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Name of a degree in vocational schools. Commonly, BEP classes are composed of ethnic minorities groups from projects that lead to BAC “professionnel”- a more specific type of high school diploma i.e Bac pro secrétariat, Bac pro vente (sales) etc…
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Reed, E. (1995). “Becoming A Self”. In Rochat, P. The Self In Infancy. Ed: Elsevier. (431).
Dounia is again transforming according to her space and denounces ideology through education. With a different clothing style, she simulates a professional interview in class with her teacher. Dressed in a black suit, white blouse and tied hair, Dounia displays a rebellious attitude towards the teacher. The latter forces Dounia to smile but while the teacher simulates the interview in her BEP accueil17 class, Dounia angers the teacher. Alternating quickly between close-ups of Dounia and the teacher, we witness a violent argument between them. When the teacher yells she is here to help them make money, Dounia revolts by saying: “Nous aider à quoi !? A être des larbins de la société !?” (“Helping us, How!? By being state slaves!?”). Standing on a table, and occupying the dominating position in the classroom, space and clothing intertwine to fuel the character’s agency. On the top of a table, she takes off her jacket. This represents the professional world she refuses to belong to that she wants to dominate. “Becoming a self is something one cannot do on one’s own, it is an intensely social process.”18 (Reed, 1995).
By choosing to be independent, predicts the future danger of Dounia’s decision. Dounia challenges the French educational ideology, republican values such as Liberté, Egalité, Fraternité, and the so-called integration which tries to make youths from the project believe that there is a future after a BEP whereas half of students end up unemployed or having low paid jobs. Dounia destroys this ideology, and replaces it with her own ideology that will lead her to success and superiority. Her pride and determination increase along with her outburst in class; in fact, she makes anger as a positive and driven emotion.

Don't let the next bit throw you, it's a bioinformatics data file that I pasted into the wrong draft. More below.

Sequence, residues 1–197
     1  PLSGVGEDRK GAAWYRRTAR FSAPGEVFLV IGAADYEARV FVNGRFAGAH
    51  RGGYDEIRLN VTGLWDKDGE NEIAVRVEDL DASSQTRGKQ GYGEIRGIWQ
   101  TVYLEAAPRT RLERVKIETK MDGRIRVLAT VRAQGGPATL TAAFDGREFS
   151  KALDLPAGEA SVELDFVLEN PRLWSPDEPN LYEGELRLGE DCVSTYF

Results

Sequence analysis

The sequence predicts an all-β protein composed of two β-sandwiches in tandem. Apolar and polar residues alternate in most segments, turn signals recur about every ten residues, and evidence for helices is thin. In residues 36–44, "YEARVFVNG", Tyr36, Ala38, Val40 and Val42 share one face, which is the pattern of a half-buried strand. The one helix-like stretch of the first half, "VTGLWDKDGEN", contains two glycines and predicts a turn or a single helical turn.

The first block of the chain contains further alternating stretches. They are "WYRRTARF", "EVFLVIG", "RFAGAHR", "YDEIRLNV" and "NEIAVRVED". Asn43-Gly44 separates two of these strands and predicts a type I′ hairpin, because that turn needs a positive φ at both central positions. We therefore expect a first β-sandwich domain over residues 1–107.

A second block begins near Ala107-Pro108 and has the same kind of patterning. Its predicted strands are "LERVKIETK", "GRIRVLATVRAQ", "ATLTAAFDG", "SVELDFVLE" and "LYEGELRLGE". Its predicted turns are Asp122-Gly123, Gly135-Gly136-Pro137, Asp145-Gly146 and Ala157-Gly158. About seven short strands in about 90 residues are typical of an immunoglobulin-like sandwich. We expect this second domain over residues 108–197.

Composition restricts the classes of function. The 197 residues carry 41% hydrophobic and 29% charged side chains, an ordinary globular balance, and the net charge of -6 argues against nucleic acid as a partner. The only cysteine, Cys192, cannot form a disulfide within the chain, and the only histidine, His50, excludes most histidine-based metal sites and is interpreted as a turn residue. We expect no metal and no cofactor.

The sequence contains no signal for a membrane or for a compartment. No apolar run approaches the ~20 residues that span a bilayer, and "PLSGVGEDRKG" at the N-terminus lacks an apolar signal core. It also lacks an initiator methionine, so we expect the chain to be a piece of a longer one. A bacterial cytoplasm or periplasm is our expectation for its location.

The rejection from the rigid educational space by the teacher who keeps telling her to leave the class symbolizes education rejecting the suburban individual. However, the rejection is reversed: the jacket thrown at the teacher represents a rejection of the dominant values and the professional world that French society wants to offer to the projects. The entire scene symbolizes the failure of integration and education. The scene shows that the French Republic ignores the dreams of individuals from the Projects and tries to keep them in a box, limiting them the access of more ambitions in life. This is illustrated in the action of shutting down the one who speaks up, in that case, the teacher telling Dounia to shut up.